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J Physiol. 2010 Aug 15;588(Pt 16):2999-3009. doi: 10.1113/jphysiol.2010.192468. Epub 2010 Jun 14.

Cysteine 723 in the C-linker segment confers oxidative inhibition of hERG1 potassium channels.

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  • 1Centre for Molecular Biomedicine, Department of Biophysics, Friedrich Schiller University of Jena, Hans-Knöll-Str. 2, D-07745 Jena, Germany.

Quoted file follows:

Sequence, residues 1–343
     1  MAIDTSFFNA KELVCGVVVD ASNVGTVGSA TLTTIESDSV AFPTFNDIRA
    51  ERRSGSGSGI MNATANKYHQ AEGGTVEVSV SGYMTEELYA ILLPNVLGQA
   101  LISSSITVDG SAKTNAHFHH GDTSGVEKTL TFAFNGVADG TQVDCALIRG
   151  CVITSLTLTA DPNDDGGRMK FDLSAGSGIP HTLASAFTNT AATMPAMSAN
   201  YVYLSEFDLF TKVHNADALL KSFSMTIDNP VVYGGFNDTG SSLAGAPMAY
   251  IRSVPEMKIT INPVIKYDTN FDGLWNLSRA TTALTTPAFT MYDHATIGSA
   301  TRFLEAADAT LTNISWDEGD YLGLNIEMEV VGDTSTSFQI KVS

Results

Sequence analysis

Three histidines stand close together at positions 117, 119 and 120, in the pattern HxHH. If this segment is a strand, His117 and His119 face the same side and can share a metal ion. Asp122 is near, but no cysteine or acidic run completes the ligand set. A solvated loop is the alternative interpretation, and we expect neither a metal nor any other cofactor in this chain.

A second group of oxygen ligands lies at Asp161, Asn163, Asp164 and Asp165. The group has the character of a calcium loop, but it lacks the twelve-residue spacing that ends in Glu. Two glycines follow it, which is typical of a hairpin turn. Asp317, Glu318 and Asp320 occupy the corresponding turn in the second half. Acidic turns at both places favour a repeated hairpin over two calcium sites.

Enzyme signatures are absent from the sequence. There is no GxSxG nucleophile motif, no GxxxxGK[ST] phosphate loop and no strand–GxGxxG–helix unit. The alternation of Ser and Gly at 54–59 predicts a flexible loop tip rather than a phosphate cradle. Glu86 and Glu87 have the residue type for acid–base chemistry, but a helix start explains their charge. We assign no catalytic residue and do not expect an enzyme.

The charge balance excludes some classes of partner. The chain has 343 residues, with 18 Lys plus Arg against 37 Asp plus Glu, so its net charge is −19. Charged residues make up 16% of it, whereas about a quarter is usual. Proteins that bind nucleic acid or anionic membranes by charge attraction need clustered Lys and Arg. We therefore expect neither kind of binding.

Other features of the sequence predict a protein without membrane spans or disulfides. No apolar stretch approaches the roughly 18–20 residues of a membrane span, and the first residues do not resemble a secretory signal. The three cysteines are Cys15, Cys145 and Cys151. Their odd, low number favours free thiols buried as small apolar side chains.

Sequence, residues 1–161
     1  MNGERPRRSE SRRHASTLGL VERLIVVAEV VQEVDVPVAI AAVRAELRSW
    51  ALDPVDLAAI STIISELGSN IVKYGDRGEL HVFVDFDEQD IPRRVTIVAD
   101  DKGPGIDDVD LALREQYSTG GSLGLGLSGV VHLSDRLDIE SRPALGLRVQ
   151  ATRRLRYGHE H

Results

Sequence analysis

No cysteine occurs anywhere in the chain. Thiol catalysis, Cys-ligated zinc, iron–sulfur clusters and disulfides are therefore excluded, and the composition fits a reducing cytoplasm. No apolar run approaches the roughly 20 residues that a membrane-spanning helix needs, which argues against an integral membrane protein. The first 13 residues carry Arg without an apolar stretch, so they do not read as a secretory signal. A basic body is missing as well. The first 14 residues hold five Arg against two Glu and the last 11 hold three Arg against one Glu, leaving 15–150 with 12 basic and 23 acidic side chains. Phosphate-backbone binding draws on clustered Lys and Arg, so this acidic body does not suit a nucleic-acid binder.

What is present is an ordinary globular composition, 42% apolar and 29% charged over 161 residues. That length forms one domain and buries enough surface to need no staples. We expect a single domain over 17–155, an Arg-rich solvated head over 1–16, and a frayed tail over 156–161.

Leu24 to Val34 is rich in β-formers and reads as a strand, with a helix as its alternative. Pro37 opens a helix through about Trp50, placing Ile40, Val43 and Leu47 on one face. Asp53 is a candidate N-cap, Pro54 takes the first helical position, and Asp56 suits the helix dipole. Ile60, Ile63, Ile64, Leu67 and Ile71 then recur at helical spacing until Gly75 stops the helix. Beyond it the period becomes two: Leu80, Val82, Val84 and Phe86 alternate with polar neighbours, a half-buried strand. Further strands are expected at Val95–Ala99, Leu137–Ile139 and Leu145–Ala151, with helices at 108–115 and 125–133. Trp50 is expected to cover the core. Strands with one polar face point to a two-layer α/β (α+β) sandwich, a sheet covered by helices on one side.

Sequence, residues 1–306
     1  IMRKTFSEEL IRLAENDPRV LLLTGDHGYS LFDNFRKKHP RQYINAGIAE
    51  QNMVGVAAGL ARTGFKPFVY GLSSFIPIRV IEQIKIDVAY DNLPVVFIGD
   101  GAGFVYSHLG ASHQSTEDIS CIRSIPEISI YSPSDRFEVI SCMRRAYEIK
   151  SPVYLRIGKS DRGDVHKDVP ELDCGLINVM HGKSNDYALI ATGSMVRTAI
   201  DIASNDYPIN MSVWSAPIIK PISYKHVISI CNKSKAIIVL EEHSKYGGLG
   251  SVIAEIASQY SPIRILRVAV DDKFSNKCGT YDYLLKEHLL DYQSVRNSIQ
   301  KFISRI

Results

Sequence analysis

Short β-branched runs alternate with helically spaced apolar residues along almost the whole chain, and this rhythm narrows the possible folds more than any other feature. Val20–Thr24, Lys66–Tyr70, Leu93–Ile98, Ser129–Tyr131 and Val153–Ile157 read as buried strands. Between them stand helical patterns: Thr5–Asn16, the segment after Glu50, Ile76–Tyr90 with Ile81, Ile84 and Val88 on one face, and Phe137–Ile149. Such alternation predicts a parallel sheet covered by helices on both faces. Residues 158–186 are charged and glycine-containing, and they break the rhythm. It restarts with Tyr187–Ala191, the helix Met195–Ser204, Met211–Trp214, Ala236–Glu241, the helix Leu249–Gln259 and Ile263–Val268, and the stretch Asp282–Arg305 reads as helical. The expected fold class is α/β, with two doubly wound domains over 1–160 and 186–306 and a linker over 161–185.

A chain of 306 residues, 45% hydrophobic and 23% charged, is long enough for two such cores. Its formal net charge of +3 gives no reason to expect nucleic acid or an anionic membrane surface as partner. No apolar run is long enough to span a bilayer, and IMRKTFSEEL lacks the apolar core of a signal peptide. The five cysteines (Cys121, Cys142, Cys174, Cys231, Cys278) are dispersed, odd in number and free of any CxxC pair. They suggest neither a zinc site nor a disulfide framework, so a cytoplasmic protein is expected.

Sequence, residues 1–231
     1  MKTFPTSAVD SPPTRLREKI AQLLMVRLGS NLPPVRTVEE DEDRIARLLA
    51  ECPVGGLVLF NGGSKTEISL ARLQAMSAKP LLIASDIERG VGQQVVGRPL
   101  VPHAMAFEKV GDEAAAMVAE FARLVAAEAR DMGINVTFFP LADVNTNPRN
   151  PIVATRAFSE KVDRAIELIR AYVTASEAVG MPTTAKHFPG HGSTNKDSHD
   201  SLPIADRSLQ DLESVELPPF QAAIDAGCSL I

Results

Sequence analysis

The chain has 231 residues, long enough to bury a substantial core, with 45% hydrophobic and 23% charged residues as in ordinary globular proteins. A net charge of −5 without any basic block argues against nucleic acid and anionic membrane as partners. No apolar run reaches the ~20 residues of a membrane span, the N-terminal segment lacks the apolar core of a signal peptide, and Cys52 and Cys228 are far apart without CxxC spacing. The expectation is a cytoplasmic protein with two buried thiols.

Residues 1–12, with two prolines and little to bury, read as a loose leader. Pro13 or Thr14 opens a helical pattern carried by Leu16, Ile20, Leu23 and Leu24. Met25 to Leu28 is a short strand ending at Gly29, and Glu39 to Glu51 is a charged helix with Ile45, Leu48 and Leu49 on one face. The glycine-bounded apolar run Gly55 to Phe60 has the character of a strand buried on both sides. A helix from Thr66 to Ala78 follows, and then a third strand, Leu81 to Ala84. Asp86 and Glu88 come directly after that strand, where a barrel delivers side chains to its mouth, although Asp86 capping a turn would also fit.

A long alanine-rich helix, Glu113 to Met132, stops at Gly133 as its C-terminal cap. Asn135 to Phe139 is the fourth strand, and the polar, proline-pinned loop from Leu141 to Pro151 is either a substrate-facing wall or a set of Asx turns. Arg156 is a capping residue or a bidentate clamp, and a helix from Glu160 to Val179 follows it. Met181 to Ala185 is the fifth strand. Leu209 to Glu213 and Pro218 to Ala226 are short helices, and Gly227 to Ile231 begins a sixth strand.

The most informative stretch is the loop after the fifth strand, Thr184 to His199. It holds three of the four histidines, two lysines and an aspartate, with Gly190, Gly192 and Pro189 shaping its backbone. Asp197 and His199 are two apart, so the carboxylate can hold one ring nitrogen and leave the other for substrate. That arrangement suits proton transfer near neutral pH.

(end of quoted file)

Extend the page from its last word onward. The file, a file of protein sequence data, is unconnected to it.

Excess reactive oxygen species (ROS) play a crucial role under pathophysiological conditions, such as ischaemia/reperfusion and diabetes, potentially contributing to cardiac arrhythmia. hERG1 (KCNH2) potassium channels terminate the cardiac action potential and malfunction can lead to long-QT syndrome and fatal arrhythmia. To investigate the molecular mechanisms of hERG1 channel alteration by ROS, hERG1 and mutants thereof were expressed in HEK293 cells and studied with the whole-cell patch-clamp method. Even mild ROS stress induced by hyperglycaemia markedly decreased channel current. Intracellular H2O2 or cysteine-specific modifiers also strongly inhibited channel activity and accelerated deactivation kinetics. Mutagenesis revealed that cysteine 723 (C723), a conserved residue in a structural element linking the C-terminal domain to the channel's gate, is critical for oxidative functional modification. Moreover, kinetics of channel closure strongly influences ROS-induced modification, where rapid channel deactivation diminishes ROS sensitivity. Because of its fast deactivation kinetics, the N-terminally truncated splice variant hERG1b possesses greater resistance to oxidative modification.

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